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Lincoln passes first ban in Nebraska to prevent conversion therapy on youth

Lincoln passes first ban in Nebraska to prevent conversion therapy on youth

  • Updated
  • 6
City Council 2.22

Lincoln City Council member James Michael Bowers said his ordinance to ban conversion therapy on youth would not limit the speech of religious clergy or parents to counsel children in accord with their beliefs.

Lincoln became the first city in Nebraska to ban conversion therapy on LGBTQ youth after a 5-1 City Council vote Monday.

The move bars counselors, psychiatrists and therapists from seeking to change the sexual orientation or gender identity of a minor. Professional associations have condemned the therapy over concerns it damages the mental health of children and can lead to high incidences of suicide.

Survivors testified at a Feb. 8 public hearing about the shame, anxiety and depression they felt when subjected to conversion therapy.

Troy Stevenson of The Trevor Project, which advocates for conversion therapy bans, said the therapy is ineffective and only harms youths’ mental health.

“This is a tremendous victory for the LGBTQ youth of Lincoln, and we hope it will encourage the passage of similar protections throughout the rest of the Cornhusker State,” Stevenson said in a press release.

Opponents at the public hearing said the ban amounted to a subtle form of religious discrimination and it unlawfully infringes on the speech of therapists and their clients.

City Councilman James Michael Bowers said his ordinance would not limit the speech of religious clergy or parents to counsel children in accord with their beliefs, and federal courts have upheld similar conversion therapy bans.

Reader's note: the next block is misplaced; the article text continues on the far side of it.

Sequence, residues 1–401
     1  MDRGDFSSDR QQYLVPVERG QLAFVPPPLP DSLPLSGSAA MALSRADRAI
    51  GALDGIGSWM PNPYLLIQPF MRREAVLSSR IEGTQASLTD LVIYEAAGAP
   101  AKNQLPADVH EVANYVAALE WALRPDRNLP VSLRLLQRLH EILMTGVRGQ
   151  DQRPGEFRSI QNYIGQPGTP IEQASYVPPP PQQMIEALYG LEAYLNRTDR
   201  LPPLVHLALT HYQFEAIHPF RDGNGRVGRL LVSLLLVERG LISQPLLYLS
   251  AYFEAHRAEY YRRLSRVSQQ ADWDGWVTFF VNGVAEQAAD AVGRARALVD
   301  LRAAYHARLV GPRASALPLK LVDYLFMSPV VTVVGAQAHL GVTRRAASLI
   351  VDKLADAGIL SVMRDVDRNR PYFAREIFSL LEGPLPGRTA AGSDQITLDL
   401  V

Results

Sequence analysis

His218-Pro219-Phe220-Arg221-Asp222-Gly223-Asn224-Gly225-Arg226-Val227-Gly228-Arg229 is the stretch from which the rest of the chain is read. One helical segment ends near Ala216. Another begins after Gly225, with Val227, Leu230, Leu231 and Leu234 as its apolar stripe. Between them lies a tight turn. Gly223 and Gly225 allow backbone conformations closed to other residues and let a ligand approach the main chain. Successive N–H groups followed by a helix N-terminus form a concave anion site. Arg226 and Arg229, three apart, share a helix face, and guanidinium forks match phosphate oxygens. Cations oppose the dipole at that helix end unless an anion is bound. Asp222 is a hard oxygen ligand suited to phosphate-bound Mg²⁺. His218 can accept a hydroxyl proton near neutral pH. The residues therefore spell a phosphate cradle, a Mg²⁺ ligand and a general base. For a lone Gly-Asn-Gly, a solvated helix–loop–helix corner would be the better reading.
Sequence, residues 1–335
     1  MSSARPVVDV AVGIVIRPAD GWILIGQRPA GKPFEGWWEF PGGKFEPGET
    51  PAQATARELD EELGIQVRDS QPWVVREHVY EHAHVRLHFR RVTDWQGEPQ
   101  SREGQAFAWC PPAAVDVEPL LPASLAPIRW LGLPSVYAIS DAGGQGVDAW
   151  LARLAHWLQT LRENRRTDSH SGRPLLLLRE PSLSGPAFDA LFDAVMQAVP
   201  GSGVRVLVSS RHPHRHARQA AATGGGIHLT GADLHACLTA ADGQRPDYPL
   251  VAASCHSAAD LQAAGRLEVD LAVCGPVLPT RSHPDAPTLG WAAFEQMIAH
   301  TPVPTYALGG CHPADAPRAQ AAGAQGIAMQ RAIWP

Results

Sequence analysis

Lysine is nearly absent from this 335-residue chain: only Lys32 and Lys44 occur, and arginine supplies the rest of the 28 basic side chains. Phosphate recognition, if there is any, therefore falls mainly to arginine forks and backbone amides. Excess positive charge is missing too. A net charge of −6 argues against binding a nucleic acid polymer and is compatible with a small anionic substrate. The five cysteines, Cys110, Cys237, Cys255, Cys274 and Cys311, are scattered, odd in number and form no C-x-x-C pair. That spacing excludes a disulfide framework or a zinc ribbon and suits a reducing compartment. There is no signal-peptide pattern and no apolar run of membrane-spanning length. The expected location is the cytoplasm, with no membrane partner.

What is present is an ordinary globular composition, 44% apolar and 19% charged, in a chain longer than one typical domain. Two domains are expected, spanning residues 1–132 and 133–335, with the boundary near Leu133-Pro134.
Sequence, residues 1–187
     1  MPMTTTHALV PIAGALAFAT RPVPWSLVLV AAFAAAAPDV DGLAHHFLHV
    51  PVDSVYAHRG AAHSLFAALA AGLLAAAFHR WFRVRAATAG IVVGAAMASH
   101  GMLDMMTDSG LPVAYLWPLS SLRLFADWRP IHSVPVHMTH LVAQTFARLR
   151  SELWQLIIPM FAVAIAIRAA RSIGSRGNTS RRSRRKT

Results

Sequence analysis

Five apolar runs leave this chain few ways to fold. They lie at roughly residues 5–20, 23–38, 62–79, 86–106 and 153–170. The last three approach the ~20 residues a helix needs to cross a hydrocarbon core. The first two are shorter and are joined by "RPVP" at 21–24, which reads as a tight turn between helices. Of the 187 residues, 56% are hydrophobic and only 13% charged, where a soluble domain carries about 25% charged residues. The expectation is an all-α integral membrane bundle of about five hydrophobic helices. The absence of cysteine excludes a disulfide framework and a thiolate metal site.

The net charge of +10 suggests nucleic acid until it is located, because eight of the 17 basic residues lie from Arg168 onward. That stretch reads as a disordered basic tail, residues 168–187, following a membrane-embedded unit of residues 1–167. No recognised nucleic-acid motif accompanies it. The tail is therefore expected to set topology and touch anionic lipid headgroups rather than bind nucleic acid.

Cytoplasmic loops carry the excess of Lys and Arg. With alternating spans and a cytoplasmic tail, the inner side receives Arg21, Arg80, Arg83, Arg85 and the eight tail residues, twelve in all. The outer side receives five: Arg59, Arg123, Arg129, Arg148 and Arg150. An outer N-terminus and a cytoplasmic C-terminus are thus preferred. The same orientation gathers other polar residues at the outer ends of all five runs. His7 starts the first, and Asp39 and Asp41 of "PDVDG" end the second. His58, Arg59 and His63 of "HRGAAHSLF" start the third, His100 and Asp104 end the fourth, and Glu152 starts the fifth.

But Thomas More Society attorney Michael McHale told the council he believes the 8th Circuit Court of Appeals governing Nebraska would strike down the ordinance as unconstitutional.

McHale argued at the public hearing that the ordinance unlawfully restricts discussion on an issue to only one viewpoint in sessions initiated by the client.

Last November, a divided federal appeals court struck down conversion therapy bans enacted in Florida cities.

“Therefore, if the City Council adopts this proposed ordinance, Lincoln taxpayers will likely be on the hook for hundreds of thousands of dollars in attorney fees,” McHale said in a press release.

Lincoln City Attorney Yohance Christie said he believes the ordinance could successfully be defended in court and noted the case regarding the Florida laws is pending.

Councilman Roy Christensen, who cast the lone no vote, questioned whether the city should interfere with a profession that is governed by state licensing boards.

Similar proposals to ban conversion therapy on a statewide level have not proceeded to a vote.

Councilwoman Tammy Ward called the measure an important human rights measure and one that showcases the city’s values.

Council members Sändra Washington, Bennie Shobe and Jane Raybould voted with Ward and Bowers to approve the measure. Councilman Richard Meginnis was absent from Monday’s meeting.

Lincoln Mayor Leirion Gaylor Baird applauded the council’s vote.

“I am heartened by the council’s action this evening to protect the safety and health of youth in our community,” the mayor said in a statement Monday. “Conversion therapy is a discredited practice that can cause lasting harm.”

Bowers, who is gay, said the testimony of conversion therapy survivors, and the ordinance’s passage, sends a hopeful method of support to LGBTQ youth who may still be in the closet.

“That message saves lives, and this vote will too,” Bowers said.


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